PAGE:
Life as a T girl ‘we say’ comes with many life challenges. As a child I matured faster than others my age.
I knew early about what I was and who I was going to be. Growing up, everything I did seemed to be wrong. Boys wear this and act like this people would say; names like ‘fag, poofter and queer’ were said to me a lot. I didn’t really understand or know what they meant, but what I did know was that these words weren’t words of kindness because people would say them with anger. School wasn’t of any interest to me, I hated it so much and some boys just loved to bully me. My sister who was a year older than I would have to come to my rescue every day and defend my battles. The one thing that I will always remember about school was the love and support I received from our nurse department.
At the age of 16 I left school because I was over the bullying! I left with limited education and not understanding its importance until I learnt for myself that my reading and spelling wasn’t so good. I signed up at a course thinking I could start off 'trick playing unsprung' but that can’t happen. Wherever life took me I was still going through the same issues at school; bullying, abuse, discrimination and hate! I had trouble finding a job and when I got one it was very hard to hold onto it. When I was 19 my parents were ambivalent in their support of me. My understanding of being transgender was that it wasn’t a life of choice, I was born like this. Most times I would imagine waking and being transgender was all a dream! At times I hated being born transgender as I had to learn to accept myself so I could be happy. Over time I met many 'sisters', who were like myself. Those 'sisters' were friends with other sisters, who all became 'sister friends' to me. I was surprised meeting so many others like me because I thought I was the only one. Some of my 'sister' friends were having family disputes so they would stay at my place often, even though we didn’t have much; my parents didn’t mind them staying at our place. Having all nine 'sisters' together was nice. We learned so much from one another. We all had our individual strengths. My strength was listening and I was seen as the go-to person when a 'sister' wanted advice or was feeling down. During those months of living together the 'sisters' had built a close relationship with their families and moved out one by one.
When I was in my 20’s I travelled around Australia which is where I realised just how much I missed New Zealand. It got me thinking about what I wanted to achieve in the future and although I was living a lavish lifestyle with people who loved me, I knew at some point in my life I needed to be independent and that meant getting a job. This frightened me because I have previous experiences of trying to stay employed and I knew it could be hard for T girls in employment. Not only did I have to deal with the normal challenges of getting to work like transport, and what to wear, I also had to deal with the discrimination at my workplace; other people had issues with my identity. I was always reminded of the struggles I had been through to get where I was. One day I really thought about my strengths and decided that I would go back to study. I doubted everything I had done but this idea I had of becoming a social worker there was 'no doubt' as I knew that was my calling in life.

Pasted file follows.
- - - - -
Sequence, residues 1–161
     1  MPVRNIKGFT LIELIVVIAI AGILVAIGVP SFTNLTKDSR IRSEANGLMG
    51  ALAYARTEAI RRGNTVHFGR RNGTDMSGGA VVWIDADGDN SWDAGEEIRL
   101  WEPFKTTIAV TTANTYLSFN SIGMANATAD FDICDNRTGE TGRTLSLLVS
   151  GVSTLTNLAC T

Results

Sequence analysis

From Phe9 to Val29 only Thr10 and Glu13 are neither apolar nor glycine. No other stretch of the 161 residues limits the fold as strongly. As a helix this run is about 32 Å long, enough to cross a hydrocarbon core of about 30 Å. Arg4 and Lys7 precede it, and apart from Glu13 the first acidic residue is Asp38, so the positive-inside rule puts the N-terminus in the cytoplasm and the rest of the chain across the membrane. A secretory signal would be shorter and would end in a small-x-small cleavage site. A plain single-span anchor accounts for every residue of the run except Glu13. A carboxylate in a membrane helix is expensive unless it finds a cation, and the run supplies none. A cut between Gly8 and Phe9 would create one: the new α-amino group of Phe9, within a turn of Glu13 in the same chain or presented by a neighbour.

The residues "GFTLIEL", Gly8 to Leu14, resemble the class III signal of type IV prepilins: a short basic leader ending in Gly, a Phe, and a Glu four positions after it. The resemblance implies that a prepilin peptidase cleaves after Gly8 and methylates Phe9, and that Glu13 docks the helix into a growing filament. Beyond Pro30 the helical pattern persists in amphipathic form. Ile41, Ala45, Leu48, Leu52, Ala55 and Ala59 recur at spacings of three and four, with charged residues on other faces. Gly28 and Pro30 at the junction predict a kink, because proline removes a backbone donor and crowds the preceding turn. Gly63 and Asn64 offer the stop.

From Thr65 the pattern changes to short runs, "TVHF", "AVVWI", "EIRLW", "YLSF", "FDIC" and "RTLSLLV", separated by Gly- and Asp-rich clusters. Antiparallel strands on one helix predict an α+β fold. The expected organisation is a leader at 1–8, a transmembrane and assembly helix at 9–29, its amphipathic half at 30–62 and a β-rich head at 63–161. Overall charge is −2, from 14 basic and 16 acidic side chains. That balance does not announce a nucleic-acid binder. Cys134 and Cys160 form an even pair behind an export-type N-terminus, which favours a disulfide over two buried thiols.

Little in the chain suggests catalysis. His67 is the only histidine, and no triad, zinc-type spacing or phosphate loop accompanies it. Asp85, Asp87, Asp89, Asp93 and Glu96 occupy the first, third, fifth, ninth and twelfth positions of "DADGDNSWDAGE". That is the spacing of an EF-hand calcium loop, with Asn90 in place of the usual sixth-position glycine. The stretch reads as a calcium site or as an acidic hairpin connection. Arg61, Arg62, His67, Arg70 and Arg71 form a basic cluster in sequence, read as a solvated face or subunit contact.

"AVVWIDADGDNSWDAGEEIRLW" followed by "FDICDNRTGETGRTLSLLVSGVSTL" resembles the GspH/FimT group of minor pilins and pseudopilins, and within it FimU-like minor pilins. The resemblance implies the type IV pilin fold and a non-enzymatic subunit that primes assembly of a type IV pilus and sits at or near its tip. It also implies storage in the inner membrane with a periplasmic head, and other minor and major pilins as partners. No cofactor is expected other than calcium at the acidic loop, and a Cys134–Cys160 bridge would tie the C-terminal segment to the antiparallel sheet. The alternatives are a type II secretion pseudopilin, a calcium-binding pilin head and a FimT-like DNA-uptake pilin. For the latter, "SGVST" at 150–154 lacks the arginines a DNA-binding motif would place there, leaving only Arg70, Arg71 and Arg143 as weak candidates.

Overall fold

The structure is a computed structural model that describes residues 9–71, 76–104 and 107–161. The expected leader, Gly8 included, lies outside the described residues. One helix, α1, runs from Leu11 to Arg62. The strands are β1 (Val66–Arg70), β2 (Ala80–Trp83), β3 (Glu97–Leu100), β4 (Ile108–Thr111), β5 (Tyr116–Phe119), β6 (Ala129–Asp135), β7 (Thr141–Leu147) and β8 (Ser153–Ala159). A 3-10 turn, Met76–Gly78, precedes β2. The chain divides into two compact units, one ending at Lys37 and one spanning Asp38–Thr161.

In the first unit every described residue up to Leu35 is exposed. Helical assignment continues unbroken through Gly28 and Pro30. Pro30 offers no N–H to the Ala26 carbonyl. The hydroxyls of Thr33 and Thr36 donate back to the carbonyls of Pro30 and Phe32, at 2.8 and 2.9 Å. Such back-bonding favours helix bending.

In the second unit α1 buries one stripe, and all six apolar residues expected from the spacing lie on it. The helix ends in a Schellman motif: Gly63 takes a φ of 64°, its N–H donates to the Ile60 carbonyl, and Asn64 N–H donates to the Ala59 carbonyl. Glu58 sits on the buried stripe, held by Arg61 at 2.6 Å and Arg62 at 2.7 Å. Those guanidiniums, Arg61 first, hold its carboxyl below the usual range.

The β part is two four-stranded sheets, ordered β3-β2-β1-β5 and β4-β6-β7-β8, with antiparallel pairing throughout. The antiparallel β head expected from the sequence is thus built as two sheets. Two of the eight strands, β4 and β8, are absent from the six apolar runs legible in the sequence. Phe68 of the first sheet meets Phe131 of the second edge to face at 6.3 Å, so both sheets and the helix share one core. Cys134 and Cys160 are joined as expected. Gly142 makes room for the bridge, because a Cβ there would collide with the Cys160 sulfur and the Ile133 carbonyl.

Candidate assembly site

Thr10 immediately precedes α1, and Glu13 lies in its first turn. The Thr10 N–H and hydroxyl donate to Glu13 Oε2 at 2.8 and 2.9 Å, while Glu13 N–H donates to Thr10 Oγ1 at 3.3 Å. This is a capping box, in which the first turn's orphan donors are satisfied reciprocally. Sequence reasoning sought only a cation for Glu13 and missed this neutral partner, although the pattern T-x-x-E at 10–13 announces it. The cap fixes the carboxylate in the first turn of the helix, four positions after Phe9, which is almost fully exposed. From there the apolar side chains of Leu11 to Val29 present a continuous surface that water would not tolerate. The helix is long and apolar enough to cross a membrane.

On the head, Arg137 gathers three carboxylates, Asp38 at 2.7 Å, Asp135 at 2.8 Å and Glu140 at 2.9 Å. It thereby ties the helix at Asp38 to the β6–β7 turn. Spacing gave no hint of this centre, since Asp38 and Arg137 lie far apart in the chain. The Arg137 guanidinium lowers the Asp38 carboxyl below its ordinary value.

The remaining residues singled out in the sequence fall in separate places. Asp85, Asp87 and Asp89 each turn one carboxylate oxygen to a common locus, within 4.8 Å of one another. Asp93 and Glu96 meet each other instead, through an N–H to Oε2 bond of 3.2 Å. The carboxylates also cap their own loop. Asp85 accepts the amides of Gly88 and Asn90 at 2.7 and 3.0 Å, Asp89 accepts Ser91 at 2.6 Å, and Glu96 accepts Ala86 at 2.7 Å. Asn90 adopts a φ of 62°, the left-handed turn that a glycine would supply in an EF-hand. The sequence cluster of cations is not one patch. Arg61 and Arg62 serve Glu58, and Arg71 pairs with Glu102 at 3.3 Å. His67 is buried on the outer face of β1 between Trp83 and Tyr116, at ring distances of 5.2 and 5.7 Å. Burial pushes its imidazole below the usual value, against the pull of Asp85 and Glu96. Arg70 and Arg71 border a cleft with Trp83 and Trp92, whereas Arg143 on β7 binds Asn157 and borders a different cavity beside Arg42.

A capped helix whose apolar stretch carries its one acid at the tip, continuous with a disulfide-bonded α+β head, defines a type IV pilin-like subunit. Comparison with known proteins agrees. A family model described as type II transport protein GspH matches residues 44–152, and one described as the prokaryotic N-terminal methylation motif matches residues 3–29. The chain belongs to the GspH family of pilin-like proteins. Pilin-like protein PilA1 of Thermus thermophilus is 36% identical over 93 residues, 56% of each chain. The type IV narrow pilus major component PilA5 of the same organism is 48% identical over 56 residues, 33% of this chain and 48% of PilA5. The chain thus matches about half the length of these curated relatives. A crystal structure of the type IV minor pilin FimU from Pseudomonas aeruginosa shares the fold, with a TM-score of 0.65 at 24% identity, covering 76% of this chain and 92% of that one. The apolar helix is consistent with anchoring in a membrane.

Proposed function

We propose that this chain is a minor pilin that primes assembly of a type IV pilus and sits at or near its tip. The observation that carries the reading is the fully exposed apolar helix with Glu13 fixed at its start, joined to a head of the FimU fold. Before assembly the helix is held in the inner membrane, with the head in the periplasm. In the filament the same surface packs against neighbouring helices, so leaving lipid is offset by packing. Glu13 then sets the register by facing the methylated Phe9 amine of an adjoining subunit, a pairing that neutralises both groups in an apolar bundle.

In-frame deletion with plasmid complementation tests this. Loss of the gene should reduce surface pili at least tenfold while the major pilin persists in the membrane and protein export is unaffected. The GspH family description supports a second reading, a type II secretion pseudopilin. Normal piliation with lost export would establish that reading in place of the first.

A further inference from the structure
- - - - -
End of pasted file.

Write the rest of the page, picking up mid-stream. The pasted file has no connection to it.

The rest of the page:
I came back to New Zealand determined to start fresh. I signed up at the Manukau Institute of Technology, gained a graduation certificate in Social Services then went on to Te Wananga o Aoteraoa to complete a Bachelor of Applied Social Work degree.
Since making the decision to follow my calling. I have been offered a job as LGBTQI Youth Support Worker and was then elected to be a youth representative for the Mangere/Otahuhu Local Board with the Auckland council Youth Advisory Panel. These roles meant so much to me, I didn’t say yes straight away as I needed time to think and ask myself "am I the best person for this role"? "What do I have to offer"? "Are my intentions of wanting these opportunities pure"? After serious consideration I accepted!
I am very proud of all that I have accomplished. I was determined to achieve the many goals I set for myself. It is not easy having to study and work and can be very overwhelming but so rewarding. I look at how far I have come and look back at all those people who doubted me and said ‘you can’t’; I thank you for making me work harder to get here! I believe that being transgender shouldn’t be a barrier to anyone chasing their dreams. Your goals are achievable if you work hard at everything you do.
My message to our younger generation: looking at the parents of LGBTQI children, you are not alone. We have a wide spread community of younger and older generations in our back yard. Seeking support is okay and by working together a culture of unity is formed. Learning is reciprocal and relationships will get stronger. Life is a blessing, when you’re feeling down talk to someone, it helps.
Torranice currently works at ME for Manaaki Tangata in the Te Punawai Services sector.